Following losses to the schools out of Mississippi this weekend, the calls for the heads of both Auburn's and Tennessee's coaches are louder than ever. From games that looked like both teams had a shot to win in the fourth quarter—both contests were one-score affairs—they have now become tremendous rallying cries. And not the good kind.
Fire Dooley! Fire Chizik! Fire them!
Everybody stop. These coaches are in year three and four respectively of massive rebuild projects. Gene Chizik is in the second phase of a second rebuild after the Gus Malzahn-Ted Roof experiment set them back following their championship season. Dooley is still trying to find a solution to the defensive issues that have not been a constant strength in Knoxville since 2008.
In other words, these guys are nowhere near done, and they need some more time.
Sending them packing might appease the fanbase. It might make that high-powered booster happy. It might create some excitement where "new-ness" is concerned. But ultimately, what the change does is push both schools further from where they want to be.
There are no sure things in the college football world, folks. Building a program is a process, and while gambling on the next big thing always sounds nice, the grass is not always greener on the other side.
For Gene Chizik, the case is pretty simple. His 2010 title is a gift and a curse. Hardware that the Auburn faithful love created an artificial standard that the program was nowhere near attaining. Two transfers lifted the Tigers to that title, one on either side of the ball. That's not a rebuilt program, that's lightning in a bottle. Without Cam Newton, he was able to win eight games in 2009 and 2011. This year, his team will likely miss a bowl.
Missing a bowl is a huge pride hit. It's a tremendous knock to the folks on The Plains. But, that's okay. Stop worrying about what your neighbor, coworker, boss or sister (the Bama fan) says. Look at what Chizik is dealing with—two brand-new faces running the show from a coordinator standpoint.
The Tigers did not just "replace" a coordinator—they made a wholesale schematic change on both sides of the ball. On offense, they scrapped the hurry-up, spread style and hoped to go into a more pro-style set. On defense, they dumped Ted Roofs' "catching" approach to defense and opted to get more aggressive with Brian VanGorder.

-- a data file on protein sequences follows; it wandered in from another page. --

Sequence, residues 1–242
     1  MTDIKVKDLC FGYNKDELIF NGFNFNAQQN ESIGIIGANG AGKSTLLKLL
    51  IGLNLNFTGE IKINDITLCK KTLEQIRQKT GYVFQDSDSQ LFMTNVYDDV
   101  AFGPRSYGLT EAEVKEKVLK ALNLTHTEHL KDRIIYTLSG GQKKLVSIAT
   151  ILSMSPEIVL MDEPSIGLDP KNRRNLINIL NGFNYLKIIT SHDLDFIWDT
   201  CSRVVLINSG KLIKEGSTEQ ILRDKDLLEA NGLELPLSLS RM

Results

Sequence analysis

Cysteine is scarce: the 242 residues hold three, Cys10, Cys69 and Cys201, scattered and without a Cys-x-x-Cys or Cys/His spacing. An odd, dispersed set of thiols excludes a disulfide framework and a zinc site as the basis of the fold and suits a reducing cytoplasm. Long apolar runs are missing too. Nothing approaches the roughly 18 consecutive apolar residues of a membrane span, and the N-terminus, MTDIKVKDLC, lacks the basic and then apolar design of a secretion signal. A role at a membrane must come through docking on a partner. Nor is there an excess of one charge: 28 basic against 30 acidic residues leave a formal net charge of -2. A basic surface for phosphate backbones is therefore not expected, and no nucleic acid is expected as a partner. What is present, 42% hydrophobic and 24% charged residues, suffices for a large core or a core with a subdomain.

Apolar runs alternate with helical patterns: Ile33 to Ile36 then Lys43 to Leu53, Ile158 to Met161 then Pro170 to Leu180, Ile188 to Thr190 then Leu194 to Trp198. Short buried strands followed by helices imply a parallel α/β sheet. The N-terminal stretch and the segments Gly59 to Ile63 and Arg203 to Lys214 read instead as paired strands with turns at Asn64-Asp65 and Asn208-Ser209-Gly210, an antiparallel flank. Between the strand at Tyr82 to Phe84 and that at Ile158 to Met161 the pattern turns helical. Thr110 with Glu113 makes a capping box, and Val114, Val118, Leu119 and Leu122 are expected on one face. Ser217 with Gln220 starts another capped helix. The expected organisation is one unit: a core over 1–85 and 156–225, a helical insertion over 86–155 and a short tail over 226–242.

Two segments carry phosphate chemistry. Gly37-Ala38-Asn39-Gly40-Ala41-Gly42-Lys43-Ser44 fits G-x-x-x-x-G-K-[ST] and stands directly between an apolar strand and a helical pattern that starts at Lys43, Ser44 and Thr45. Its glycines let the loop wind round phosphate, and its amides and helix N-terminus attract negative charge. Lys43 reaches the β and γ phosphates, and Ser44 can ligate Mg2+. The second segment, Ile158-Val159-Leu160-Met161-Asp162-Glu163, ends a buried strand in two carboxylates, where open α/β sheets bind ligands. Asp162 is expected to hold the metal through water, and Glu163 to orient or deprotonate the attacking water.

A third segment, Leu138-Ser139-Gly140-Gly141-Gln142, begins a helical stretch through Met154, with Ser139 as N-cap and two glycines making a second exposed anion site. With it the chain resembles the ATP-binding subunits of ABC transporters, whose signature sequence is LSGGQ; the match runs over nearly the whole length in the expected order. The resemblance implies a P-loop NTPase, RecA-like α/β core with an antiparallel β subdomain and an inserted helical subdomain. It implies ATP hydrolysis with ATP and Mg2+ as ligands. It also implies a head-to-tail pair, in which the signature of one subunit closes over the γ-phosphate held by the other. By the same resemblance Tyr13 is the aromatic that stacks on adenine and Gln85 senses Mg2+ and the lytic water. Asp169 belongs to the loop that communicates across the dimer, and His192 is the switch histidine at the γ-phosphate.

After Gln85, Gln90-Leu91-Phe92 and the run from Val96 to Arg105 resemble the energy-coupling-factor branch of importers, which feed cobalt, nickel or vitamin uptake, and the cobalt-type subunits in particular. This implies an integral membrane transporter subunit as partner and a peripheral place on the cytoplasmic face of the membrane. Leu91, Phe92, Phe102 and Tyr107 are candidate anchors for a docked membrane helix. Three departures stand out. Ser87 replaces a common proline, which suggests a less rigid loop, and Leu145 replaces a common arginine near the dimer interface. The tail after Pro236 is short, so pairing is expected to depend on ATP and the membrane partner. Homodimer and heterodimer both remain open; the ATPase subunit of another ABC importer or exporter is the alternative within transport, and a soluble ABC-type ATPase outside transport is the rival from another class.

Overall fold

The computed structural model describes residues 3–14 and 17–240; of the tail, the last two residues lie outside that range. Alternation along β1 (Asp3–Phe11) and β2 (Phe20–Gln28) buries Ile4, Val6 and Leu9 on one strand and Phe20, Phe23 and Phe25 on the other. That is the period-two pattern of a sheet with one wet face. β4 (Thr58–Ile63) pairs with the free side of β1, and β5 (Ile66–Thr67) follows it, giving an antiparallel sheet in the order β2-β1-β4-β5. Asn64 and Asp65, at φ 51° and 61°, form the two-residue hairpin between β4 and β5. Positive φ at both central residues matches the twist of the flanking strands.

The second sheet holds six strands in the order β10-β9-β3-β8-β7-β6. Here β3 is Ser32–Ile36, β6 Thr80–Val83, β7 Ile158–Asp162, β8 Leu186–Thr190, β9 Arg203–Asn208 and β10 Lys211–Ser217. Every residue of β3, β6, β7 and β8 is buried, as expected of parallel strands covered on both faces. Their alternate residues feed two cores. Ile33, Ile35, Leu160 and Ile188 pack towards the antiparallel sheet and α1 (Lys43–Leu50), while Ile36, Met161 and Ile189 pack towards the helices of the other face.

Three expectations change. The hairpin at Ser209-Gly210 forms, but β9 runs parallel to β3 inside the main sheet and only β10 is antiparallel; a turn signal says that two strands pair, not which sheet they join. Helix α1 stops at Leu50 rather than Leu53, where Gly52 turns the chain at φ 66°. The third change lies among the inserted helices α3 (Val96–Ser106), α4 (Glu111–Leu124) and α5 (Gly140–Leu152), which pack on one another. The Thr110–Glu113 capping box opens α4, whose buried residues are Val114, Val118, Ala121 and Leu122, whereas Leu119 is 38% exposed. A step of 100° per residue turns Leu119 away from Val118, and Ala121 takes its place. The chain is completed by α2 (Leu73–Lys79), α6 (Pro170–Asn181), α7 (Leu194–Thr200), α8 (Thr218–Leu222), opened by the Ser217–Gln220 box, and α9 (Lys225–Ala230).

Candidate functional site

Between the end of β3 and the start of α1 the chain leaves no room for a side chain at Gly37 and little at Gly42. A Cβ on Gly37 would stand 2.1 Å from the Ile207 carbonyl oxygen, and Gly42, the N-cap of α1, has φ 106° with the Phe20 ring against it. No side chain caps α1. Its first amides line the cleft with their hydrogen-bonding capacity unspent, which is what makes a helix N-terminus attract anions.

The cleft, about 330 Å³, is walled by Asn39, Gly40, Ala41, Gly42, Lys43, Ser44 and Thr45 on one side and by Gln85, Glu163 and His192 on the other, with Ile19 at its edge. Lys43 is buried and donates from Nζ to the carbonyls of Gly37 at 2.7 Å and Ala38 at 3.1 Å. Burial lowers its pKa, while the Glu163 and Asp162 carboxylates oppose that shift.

If you've watched Auburn play, it is pretty clear that they are still not sure of what they're doing. It happens. Guys don't fully fit into the new systems, and other players just have not fully grasped their role in the new game plan.
Completely pulling the plug on what you were expecting to do and redirecting is not easy. Ask Florida State about year one under Mark Stoops or look at Michigan and their currently nonexistent offense (save for Denard Robinson running around).
Give Chizik a little time to grow kids up in this new scheme. He's still out there recruiting his butt off. He's still looking to push a W across the board. It's not an easy job, but if the kids can make just incremental improvements over their next six games, expect spring to be more about perfecting than learning.
As for Derek Dooley, the head man is in year three, and he has a team that has truly improved from year one to year three. Unfortunately, fans don't care about that. They don't care that the offense is growing the run game and that the offensive line is finally coming together to make things happen. Fans don't care that the defense is showing flashes of grasping Sal Sunseri's scheme, even though they were recruiting for a 4-3 style of play.
No, fans see 0-3 in the SEC with losses to rivals like Georgia and Florida, and they throw a fit. Throw in the way last season ended, and essentially it is open season on a guy who is making clear improvements to his team.
Tennessee isn't an easy job, and while fans live in this world where looking across the yard and wanting what your neighbors have is the driving force, the fact is that dumping guys too quickly hurts, not helps, a program.
Neither of these coaches are pulling a "Larry Coker" with respect to the programs. They aren't mailing it in, skipping on recruiting or allowing bad coordinators to stay employed. They are working to build programs that their followers can be proud of. That doesn't happen quickly.
Give both coaches a little more time. The programs will be better off for it. Chizik is getting talent, and now, with Brian VanGorder, he's on a path to building a defense folks can respect. Scot Loeffler is still a mystery, but the defense is most certainly on the path to recovery.
Dooley is stabilizing Tennessee after becoming the third coach in three seasons in Knoxville. He brings some continuity, and the Vols are improving in a number of areas as the season goes on.
Yes, we live in a "what have you done for me lately" society. Yes, it stinks to have your rivals point fingers at the scoreboard after whipping your behind. However, you build a sound program from the ground up—and both of these coaches are pushing to do just that.
Auburn has a defense that finally has a leader and an offense that's young and is finally figuring out what to do. Tennessee's a team with an offensive line that is improving every week and some players on defense who are growing up before our eyes.
Don't pull the plug on these guys just yet. It's still a little too soon.